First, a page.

It is well established that a search of private property, without proper consent,
is unreasonable unless it has been authorized by a valid search warrant. See Groh v.
Ramirez, 540 U.S. 551, 559 (2004). “The uniformly applied rule is that a search
conducted pursuant to a warrant that fails to conform to the particularity requirements
of the Fourth Amendment is unconstitutional.” Id.
In addition, it is well established that a warrantless arrest without probable
cause violates an individual’s constitutional rights under the Fourth and Fourteenth
Amendments. See Anderson v. Cass Cnty., Missouri, 367 F.3d 741, 745 (8th Cir.
Here, Whitten alleged Martin, after consulting with John Doe #2, arrested
Whitten without witnessing him commit a crime and without probable cause to
believe he committed a crime. In addition, Whitten alleged Martin applied for, and
was granted, a warrant to search Whitten’s home based on a warrant application that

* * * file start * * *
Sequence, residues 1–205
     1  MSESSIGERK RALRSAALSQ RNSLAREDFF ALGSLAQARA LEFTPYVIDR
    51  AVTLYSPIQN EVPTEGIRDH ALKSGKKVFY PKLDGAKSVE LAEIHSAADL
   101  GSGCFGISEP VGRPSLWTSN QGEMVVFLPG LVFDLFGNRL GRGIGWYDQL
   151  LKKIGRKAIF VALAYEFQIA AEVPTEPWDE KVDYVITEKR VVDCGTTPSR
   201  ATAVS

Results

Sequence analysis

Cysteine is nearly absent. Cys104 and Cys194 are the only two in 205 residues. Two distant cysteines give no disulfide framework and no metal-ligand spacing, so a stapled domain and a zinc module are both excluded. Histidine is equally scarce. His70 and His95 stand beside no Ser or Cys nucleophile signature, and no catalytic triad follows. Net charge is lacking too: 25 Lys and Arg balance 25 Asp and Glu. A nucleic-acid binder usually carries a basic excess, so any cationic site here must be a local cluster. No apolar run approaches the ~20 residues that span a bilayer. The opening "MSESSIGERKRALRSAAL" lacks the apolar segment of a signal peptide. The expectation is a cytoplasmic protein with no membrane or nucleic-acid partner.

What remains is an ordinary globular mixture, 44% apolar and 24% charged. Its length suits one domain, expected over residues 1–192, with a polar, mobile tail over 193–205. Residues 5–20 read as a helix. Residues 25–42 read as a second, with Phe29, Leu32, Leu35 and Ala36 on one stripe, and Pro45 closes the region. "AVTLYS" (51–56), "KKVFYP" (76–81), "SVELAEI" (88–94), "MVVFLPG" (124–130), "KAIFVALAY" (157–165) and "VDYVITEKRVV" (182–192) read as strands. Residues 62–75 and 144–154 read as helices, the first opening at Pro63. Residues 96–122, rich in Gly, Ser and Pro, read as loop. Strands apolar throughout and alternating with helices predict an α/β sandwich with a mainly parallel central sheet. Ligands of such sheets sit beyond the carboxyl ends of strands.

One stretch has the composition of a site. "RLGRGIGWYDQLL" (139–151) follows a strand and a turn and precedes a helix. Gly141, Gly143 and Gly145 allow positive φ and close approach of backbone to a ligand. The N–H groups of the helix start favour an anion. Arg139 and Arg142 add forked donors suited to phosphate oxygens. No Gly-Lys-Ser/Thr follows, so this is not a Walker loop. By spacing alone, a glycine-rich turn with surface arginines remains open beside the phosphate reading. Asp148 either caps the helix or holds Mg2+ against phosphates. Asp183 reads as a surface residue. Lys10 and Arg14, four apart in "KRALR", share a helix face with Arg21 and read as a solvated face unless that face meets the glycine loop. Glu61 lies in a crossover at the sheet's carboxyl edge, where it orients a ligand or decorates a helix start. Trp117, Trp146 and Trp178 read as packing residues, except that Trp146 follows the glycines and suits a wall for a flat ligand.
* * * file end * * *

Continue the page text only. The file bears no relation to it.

contained no indication that contraband or criminal activity would be found in
Whitten’s home. Martin, John Doe #1, and John Doe #2 executed the warrant. A
state district court later suppressed evidence found in Whitten’s home “due to a Fourth
Amendment Violation.” (See Filing No. 1 at CM/ECF p. 5.)
Based on the facts as they are alleged by Whitten, the court finds Whitten has
stated plausible claims for relief against Martin, John Doe #1, and John Doe #2.
Whitten alleges in his Complaint that Defendants conspired to violate his
constitutional rights. To state a 42 U.S.C. § 1983 conspiracy claim, a plaintiff must
allege: (1) that the defendant conspired with others to deprive him of constitutional
rights; (2) that at least one of the alleged co-conspirators engaged in an over act in
furtherance of the conspiracy; and (3) that the overt act injured the plaintiff. See
White v. McKinley, 519 F.3d 806, 814 (8th Cir. 2008).
At this early stage in the proceedings, the court finds Whitten has adequately